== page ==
[column width="47%" padding="6%"]Americans’ long-term savings in stocks, bonds, mutual funds, pension funds, and life insurance funds total about $30 trillion. But not even 1 percent of these savings touch local small business—even though roughly half the jobs and the output in the private economy come from small businesses. So, how can people increasingly concerned with the poor returns from Wall Street and the devastating impact of global companies on their communities, invest in Main Street?
In Local Dollars, Local Sense: How to Shift Your Money from Wall Street to Main Street , local economy pioneer Michael Shuman shows investors, including the nearly 99% who are unaccredited, how to put their money into building local businesses and resilient regional economies—and profit in the process. A revolutionary toolbox for social change, written with compelling personal stories, the book delivers the most thorough overview available of local investment options, explains the obstacles, and profiles investors who have paved the way. Shuman demystifies the growing realm of local investment choices—from institutional lending to investment clubs and networks, local investment funds, community ownership, direct public offerings, local stock exchanges, crowdfunding, and more. He also guides readers through the lucrative opportunities to invest locally in their homes, energy efficiency, and themselves.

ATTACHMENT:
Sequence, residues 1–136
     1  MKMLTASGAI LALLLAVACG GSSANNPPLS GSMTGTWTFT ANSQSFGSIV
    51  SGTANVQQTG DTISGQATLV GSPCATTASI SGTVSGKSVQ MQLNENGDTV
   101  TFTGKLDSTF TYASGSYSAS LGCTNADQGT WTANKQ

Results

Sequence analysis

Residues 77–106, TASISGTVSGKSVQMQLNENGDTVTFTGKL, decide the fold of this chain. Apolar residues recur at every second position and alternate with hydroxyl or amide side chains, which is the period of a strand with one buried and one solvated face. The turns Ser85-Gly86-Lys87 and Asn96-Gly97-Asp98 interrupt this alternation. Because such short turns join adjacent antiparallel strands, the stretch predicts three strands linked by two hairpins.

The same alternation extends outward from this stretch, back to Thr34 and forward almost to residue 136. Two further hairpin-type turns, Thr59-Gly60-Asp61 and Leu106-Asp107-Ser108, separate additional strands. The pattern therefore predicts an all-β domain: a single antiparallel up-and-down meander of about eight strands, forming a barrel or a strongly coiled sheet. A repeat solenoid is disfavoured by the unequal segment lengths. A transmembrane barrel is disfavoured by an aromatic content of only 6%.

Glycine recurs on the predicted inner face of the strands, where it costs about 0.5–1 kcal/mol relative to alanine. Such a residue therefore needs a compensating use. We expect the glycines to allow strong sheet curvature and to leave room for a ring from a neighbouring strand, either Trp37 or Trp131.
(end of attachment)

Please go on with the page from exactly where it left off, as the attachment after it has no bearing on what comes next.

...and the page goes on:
A rich resource for both investors and the entrepreneurs they want to support, Local Dollars, Local Sense eloquently shows how to truly protect your financial future— and your community’s.
More than ninety percent of the electricity we use to light our communities, and nearly all the energy we use to run our cars, heat our homes, and power our factories comes from large, centralized, highly polluting, nonrenewable sources of energy.
It doesn’t have to be that way. In Power from the People , energy expert Greg Pahl explains how American communities can plan, finance, and produce their own local, renewable energy that is reliable, safe, and clean.
Pahl uses examples from around the nation and the world to explore how homeowners, co-ops, nonprofits, governments, and businesses are already putting power in the hands of local communities through distributed energy programs and energy-efficiency measures.
Renewable, community power is a necessary step on the path to energy security and community resilience, particularly as we face peak oil, cope with climate change, and address the need to transition to a more sustainable future.
Pahl's book—the second in the Chelsea Green Publishing Company and Post Carbon Institute’s Community Resilience Guides—also profiles numerous successful community- wide initiatives that can be replicated and scaled broadly.